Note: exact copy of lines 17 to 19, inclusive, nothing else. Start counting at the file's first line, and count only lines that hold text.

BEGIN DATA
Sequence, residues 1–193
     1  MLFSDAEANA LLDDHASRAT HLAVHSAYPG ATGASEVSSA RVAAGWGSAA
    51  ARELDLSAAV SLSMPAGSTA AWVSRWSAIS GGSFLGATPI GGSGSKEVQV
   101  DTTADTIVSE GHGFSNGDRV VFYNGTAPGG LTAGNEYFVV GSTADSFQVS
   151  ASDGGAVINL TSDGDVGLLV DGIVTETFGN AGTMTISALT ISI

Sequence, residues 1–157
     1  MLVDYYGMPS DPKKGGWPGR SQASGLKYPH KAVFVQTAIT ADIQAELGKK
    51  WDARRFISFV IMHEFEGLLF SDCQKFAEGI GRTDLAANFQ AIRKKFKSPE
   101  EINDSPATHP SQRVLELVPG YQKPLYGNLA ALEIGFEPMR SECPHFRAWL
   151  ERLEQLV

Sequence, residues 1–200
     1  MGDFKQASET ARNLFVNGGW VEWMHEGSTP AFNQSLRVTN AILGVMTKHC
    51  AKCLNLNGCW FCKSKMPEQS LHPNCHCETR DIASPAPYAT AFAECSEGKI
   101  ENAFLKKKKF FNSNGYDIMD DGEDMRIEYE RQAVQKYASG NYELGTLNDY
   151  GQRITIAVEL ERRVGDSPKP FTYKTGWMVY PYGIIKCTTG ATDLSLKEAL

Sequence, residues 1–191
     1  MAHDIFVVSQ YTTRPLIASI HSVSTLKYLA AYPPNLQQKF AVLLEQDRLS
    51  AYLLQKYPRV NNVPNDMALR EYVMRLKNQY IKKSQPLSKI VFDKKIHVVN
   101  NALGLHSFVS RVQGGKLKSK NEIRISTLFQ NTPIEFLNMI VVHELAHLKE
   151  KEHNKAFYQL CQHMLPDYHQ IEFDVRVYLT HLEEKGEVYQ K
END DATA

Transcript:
     1  MAHDIFVVSQ YTTRPLIASI HSVSTLKYLA AYPPNLQQKF AVLLEQDRLS
    51  AYLLQKYPRV NNVPNDMALR EYVMRLKNQY IKKSQPLSKI VFDKKIHVVN
   101  NALGLHSFVS RVQGGKLKSK NEIRISTLFQ NTPIEFLNMI VVHELAHLKE